I love the stuff, I’ve got to admit. And even now I’m sober and have been for nearly three years, I still drink it. Except I drink alcohol free beer, and not nearly as much as I did when I used to get pissed nearly every single night of the week. In my previous life as a pisshead I would still make sure the beer I drank was of good quality. And more than 5 percent because what’s the fucking point of drinking beer if it won’t get you pissed right? There would be none of that Fosters or Carlsberg crap in my fridge. My personal favourite was full of flavour, and coming in at 5.9% alcohol content, packed a fair old punch. Any time I wanted to get pissed more quickly I would rely on my good friends Mr Empty Stomach or Mr Cheap Blended Whiskey. But beer really was where it was at for me.
I liked the complex flavours of an IPA or the honesty of a real ale. And in my drinking days I wouldn’t have EVER considered drinking an alcohol free beer. Because what’s the point of that? Not only do they not get you pissed (correct!) they taste like crap. Like a really shitty watered down version of the worst beer you could possibly imagine (incorrect!) Thankfully we are well into the 21st century now, in case you needed a time check, and the idea of undrinkable alcohol free beers is about as outdated as a pager. Or a facsimile. Or only having 4 channels on a television set that you were only able to change if you got up off your sofa and PRESSED BUTTONS ON THE BOX ITSELF! *shock horror! *
So. As someone who wants to address their drinking, or someone who wants to never imbibe in The Devil’s Piss ever again, is it OK to drink them? Well, that can be a complicated question, surprisingly, and just like whether your drink of choice is usually a Pinot Noir or a Snakebite and Black, it is a completely personal choice. For me, they were the difference between me getting sober or not. Or to put it in a more expansive and dramatic fashion, between completely transforming every aspect of my existence or ending up dead in a ditch after a slow and tortuous demise. Therefore, let us address some common questions and misconceptions about alcohol free drinks.
Do they taste nice?
An obvious and important question! Depending of course on how desperate you are to get sober, you’re unlikely to drink something that tastes like it’s been filtered through an unwashed stocking. I mean, that may be your thing but I would guess that it isn’t. Taste is obviously very important. And truthfully the answer is both yes and no, just like it is for every other foodstuff or product in the marketplace. Some of it is fabulously divine, and some of it isn’t.
There is an ever growing selection out there however, and sales of alcohol free drinks are increasing by 20 or so percent (sometimes nearer 50 percent) every single year. More demand means more products, it means more investment in product improvements and of course, it means more choice.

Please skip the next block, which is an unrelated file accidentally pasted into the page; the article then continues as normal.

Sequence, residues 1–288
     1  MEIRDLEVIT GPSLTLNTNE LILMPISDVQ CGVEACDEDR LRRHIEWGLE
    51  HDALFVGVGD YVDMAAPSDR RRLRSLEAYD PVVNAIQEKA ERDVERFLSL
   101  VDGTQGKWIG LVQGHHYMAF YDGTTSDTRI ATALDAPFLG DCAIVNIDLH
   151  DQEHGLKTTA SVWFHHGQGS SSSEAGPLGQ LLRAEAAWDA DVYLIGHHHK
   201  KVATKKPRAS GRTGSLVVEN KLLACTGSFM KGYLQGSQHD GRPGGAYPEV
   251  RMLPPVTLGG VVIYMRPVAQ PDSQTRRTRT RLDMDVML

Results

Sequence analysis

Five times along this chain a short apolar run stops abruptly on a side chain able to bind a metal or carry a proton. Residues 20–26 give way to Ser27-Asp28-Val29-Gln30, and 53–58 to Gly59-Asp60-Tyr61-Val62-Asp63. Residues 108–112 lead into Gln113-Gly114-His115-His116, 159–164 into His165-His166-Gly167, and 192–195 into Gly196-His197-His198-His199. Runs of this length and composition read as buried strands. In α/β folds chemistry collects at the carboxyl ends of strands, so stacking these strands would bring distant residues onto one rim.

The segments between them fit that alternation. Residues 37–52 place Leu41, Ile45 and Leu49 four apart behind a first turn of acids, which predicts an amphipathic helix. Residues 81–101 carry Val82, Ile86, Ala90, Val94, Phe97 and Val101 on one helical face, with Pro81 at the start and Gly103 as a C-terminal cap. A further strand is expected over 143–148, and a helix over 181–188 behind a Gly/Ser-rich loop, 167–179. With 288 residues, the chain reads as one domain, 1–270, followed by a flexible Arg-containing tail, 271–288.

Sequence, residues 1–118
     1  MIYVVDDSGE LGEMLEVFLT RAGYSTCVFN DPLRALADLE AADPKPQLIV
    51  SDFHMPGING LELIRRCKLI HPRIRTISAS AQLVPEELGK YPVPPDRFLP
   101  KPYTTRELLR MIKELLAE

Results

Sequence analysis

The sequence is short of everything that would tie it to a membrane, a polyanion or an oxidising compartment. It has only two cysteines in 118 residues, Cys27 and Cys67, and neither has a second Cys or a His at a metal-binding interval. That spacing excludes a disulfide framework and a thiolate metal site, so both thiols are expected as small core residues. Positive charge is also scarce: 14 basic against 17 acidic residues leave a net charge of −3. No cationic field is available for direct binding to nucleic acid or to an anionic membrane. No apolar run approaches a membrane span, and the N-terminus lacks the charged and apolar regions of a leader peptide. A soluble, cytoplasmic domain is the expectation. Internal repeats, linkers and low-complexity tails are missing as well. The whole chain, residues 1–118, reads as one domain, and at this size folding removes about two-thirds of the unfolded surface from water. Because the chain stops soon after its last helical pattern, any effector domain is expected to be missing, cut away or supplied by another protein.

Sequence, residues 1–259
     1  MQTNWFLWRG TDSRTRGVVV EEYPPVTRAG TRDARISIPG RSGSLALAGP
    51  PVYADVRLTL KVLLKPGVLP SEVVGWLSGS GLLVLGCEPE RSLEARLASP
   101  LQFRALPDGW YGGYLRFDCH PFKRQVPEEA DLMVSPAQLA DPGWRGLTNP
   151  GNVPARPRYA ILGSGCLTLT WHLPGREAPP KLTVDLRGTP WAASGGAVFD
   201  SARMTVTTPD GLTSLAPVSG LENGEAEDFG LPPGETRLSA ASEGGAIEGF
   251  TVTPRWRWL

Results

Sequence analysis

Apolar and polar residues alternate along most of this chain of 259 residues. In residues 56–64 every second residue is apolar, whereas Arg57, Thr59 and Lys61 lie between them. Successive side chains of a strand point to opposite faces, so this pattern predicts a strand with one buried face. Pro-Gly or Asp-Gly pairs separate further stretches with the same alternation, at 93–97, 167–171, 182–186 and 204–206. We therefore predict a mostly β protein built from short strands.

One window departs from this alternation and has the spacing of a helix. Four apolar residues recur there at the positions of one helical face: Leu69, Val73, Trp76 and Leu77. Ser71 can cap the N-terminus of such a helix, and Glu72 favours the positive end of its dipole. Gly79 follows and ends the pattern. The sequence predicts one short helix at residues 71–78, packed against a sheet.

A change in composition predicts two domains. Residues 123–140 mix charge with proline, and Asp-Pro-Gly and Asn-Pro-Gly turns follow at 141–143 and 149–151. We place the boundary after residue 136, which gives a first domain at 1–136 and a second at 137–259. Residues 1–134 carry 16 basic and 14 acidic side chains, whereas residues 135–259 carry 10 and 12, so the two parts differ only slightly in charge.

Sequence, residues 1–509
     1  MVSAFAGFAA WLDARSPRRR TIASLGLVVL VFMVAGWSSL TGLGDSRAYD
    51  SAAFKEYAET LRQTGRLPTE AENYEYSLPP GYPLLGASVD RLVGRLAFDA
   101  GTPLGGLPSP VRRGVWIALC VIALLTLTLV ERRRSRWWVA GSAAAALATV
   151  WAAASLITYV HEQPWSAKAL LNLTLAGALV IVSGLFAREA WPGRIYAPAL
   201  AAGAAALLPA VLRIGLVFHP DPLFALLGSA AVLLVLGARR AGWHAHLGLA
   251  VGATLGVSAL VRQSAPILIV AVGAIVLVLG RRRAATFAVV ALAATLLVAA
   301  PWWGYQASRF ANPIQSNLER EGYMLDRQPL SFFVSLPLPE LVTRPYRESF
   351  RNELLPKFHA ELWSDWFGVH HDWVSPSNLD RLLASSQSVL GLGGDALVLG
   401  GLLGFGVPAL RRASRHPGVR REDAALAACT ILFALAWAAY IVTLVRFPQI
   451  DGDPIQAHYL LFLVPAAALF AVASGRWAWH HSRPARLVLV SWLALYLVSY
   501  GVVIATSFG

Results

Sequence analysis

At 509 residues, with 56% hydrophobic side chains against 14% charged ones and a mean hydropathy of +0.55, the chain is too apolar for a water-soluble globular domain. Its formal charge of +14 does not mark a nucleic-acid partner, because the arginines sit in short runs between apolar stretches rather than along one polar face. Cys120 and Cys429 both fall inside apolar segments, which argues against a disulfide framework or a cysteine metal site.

As a beer drinker there is an incredible array of alcohol free tipples. There are well known brands providing alcohol free versions of their best sellers and brand new beers on the market that only brew alcohol free beers. Some you will have heard of and some that you won’t. I have tried many different crisp and refreshing lagers and some that taste like shit. I have enjoyed beautiful IPAs with such depth and originality they have won awards at festivals that would only usually champion the alcoholic varieties. There are stouts and wheat beers, in fact there is every type of beer that you could possibly imagine, and they have often passed blind taste tests where they were indistinguishable from their alcoholic cousins.
I was not really a wine drinker but I know lots of people who are/were, and the choice of wines available is also growing exponentially. And if that is the case (it is) then with growth of choice comes quality. I have had some wonderful sparkling wines, a popular choice is a Prosecco alternative called Nosecco. When I would normally have drunk a wine I now prefer to drink a kombucha, which can also be alcoholic but most often isn’t. A couple of good friends of mine now brew and sell their own kombucha, Boucha Kombucha, which is a fantastic alternative to a white wine.
There are incalculable varieties of alcohol free ‘spirits’ out there as well. Whiskey alternatives, gin, vodka, rum and even some stand alone ‘spirits’ that are unlike anything I ever had when I was a drinker.
In short, there is an enormous choice nowadays and some of it is crap, and some of it is stunning. Just like the choice one would have if one was a drinker.
Are they safe to drink to maintain sobriety?